So, after a pretty good stretch of consistent blogging I’ve taken a two week+ break. But I have good excuses! I spent a little over a week travelling around going to conferences with little to no internet access.
The first conference was the Immanence and Materialism event at Queen Mary, University of London. By clicking the above link you can access some of the papers, and hopefully I’ll have mine up soon. While I’m not the type to recount conferences play by play, I will say that I found this to be an excellent event, and almost every paper was highly interesting and there was some great debate during the discussion times. One interesting aspect was the contrast between the panels. For example, myself and a colleague were the only two papers on the first panel, and we both gave presentations that dealt with issues of freedom, subjectivity, choice, will, and the like. The next panel then featured papers of a highly determinist/monist bent, and one presenter even said, during her paper, “I’m glad that there have already been some papers dealing with will and freedom, because I am TOTALLY against that.” It was bold, but I appreciated the honesty, and it led to a fun debate over dinner where the two of us from Dundee attempted to convince this individual of the necessity of an ontological account of freedom. I don’t think we were convincing enough…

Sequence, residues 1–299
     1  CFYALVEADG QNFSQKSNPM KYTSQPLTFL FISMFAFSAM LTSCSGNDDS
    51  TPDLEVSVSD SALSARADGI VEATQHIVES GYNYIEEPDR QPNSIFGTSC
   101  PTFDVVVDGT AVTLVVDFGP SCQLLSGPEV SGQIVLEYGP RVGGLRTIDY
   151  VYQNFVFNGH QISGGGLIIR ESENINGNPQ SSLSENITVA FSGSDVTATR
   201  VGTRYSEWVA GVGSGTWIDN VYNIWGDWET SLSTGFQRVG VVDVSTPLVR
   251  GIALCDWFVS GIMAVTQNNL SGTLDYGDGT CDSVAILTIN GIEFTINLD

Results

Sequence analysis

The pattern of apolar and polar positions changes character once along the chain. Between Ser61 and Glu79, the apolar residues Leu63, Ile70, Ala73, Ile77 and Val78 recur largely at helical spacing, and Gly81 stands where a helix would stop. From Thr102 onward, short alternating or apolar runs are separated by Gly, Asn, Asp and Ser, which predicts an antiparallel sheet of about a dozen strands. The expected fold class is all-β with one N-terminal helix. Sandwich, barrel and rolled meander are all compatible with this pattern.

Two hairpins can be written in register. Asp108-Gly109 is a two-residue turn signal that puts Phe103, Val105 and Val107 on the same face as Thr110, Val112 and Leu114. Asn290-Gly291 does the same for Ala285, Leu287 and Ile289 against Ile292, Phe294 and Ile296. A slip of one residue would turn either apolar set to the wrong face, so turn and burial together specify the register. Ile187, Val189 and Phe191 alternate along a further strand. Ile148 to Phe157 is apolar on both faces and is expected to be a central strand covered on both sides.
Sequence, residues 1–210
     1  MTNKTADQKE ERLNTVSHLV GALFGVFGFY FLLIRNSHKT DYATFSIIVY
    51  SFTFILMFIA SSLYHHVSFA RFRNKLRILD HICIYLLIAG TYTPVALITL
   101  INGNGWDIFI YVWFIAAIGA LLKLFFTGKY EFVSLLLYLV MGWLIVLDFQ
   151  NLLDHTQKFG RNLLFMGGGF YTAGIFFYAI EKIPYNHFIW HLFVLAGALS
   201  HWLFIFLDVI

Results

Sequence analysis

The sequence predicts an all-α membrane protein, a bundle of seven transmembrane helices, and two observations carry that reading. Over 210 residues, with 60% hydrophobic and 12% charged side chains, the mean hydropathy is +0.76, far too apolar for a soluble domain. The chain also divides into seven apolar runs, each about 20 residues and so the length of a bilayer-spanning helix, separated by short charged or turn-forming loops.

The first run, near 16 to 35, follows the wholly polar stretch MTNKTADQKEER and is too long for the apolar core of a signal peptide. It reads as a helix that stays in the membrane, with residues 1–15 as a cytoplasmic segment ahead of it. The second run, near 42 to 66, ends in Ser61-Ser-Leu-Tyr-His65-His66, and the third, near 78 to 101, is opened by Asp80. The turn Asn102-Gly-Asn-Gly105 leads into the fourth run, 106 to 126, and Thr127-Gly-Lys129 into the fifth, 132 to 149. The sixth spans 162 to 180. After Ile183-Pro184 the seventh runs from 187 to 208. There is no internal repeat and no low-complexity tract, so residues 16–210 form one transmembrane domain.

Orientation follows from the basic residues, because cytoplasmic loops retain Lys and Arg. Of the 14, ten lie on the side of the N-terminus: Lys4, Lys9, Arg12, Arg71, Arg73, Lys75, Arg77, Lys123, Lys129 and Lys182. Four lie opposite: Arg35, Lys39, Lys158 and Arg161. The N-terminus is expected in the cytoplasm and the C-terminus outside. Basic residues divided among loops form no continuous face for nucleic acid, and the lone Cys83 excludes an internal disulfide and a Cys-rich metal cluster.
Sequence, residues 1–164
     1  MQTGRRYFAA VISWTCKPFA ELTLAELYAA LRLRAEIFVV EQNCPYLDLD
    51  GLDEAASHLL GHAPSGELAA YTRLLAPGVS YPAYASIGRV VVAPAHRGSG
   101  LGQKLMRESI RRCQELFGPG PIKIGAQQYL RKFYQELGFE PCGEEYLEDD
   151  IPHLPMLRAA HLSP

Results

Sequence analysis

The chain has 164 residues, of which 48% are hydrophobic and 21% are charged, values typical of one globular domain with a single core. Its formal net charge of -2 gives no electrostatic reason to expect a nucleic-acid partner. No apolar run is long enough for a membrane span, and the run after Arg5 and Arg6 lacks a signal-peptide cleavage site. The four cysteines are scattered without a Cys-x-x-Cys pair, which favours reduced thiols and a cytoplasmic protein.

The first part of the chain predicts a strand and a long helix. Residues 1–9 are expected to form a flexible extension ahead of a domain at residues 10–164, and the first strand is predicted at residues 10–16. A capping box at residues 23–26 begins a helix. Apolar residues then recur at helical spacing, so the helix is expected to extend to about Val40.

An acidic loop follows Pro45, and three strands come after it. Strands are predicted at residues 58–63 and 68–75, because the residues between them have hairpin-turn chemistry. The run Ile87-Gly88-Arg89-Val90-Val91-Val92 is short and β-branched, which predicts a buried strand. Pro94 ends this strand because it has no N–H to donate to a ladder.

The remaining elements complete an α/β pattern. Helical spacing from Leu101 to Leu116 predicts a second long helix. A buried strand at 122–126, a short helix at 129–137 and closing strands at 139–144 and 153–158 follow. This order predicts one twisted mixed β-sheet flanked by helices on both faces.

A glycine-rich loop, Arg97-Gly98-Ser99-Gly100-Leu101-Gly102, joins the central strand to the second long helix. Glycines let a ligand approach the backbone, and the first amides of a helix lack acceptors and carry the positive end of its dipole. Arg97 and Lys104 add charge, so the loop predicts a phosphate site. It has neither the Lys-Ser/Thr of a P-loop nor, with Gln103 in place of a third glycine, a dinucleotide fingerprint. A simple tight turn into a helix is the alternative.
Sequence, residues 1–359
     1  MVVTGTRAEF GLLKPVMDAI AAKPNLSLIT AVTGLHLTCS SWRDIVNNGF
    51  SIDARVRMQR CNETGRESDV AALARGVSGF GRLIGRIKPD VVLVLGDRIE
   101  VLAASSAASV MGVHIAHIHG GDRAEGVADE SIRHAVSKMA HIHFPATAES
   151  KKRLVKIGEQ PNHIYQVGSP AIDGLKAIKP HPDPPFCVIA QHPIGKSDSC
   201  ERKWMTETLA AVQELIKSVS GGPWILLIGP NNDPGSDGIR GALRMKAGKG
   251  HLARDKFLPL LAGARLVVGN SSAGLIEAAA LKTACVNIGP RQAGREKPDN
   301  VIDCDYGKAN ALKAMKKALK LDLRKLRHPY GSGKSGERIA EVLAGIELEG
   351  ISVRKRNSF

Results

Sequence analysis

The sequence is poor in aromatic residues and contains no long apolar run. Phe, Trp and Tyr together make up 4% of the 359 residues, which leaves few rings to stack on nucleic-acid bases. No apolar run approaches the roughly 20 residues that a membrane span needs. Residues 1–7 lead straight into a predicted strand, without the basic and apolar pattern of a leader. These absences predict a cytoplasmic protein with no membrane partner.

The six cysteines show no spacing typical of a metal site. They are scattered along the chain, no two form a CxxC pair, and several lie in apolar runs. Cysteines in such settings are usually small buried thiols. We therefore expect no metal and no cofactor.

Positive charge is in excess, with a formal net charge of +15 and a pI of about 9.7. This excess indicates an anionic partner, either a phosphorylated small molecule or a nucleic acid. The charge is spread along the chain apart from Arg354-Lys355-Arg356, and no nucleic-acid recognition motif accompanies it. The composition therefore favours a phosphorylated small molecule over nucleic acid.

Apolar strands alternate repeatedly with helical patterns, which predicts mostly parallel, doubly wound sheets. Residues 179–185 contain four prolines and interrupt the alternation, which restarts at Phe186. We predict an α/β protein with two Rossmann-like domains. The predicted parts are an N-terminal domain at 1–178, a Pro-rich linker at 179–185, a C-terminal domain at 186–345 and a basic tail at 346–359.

Wonderful conference though, and I look forward to future events at Queen Mary.
The next conference I attended was the ‘Towards a Philosophy of Life’ event at Liverpool Hope University. This event was the launching point for the new Association for Continental Philosophy of Religion. Although my panel was absolute shit, due to the fact that no chair showed up to moderate, and the first person decided to take 35 minutes to give their 20 minute presentation, the conference itself was a very good event. I got to meet lots of interesting people, and catch up with some old friends, and overall I was left feeling quite positive about the future of Continental Philosophy of Religion in the UK. The only horrible parts were the keynotes by John Caputo and Don Cuppit, who are collectively the most boring philosophers of religion still living, maybe when they die this obsession with ‘postmodernism’ will die too. Cuppit was one of the most bold apologist for globalization and the religion of capital I’ve ever seen, but maybe he can blame it on age or something.
Overall, I had a great time at both, and it was a wonderful excuse to get out of scum-dee Scotland for a week.
That’s all for now, but will attempt to get back to ‘real’ posting soon enough.